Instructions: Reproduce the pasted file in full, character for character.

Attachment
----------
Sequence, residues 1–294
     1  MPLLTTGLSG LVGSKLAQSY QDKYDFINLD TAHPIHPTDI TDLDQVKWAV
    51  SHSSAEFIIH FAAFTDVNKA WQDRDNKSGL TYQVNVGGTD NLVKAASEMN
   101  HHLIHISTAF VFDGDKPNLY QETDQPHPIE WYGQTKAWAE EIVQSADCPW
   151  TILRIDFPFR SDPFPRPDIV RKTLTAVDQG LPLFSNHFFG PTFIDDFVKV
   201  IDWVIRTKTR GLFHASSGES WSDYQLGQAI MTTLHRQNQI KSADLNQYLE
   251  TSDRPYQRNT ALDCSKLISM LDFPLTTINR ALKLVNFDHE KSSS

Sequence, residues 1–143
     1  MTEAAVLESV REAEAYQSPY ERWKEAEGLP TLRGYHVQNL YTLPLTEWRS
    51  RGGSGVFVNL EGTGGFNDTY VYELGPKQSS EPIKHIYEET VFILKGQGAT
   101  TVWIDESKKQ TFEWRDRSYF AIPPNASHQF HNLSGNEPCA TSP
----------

Sequence, residues 1–294
     1  MPLLTTGLSG LVGSKLAQSY QDKYDFINLD TAHPIHPTDI TDLDQVKWAV
    51  SHSSAEFIIH FAAFTDVNKA WQDRDNKSGL TYQVNVGGTD NLVKAASEMN
   101  HHLIHISTAF VFDGDKPNLY QETDQPHPIE WYGQTKAWAE EIVQSADCPW
   151  TILRIDFPFR SDPFPRPDIV RKTLTAVDQG LPLFSNHFFG PTFIDDFVKV
   201  IDWVIRTKTR GLFHASSGES WSDYQLGQAI MTTLHRQNQI KSADLNQYLE
   251  TSDRPYQRNT ALDCSKLISM LDFPLTTINR ALKLVNFDHE KSSS

Sequence, residues 1–143
     1  MTEAAVLESV REAEAYQSPY ERWKEAEGLP TLRGYHVQNL YTLPLTEWRS
    51  RGGSGVFVNL EGTGGFNDTY VYELGPKQSS EPIKHIYEET VFILKGQGAT
   101  TVWIDESKKQ TFEWRDRSYF AIPPNASHQF HNLSGNEPCA TSP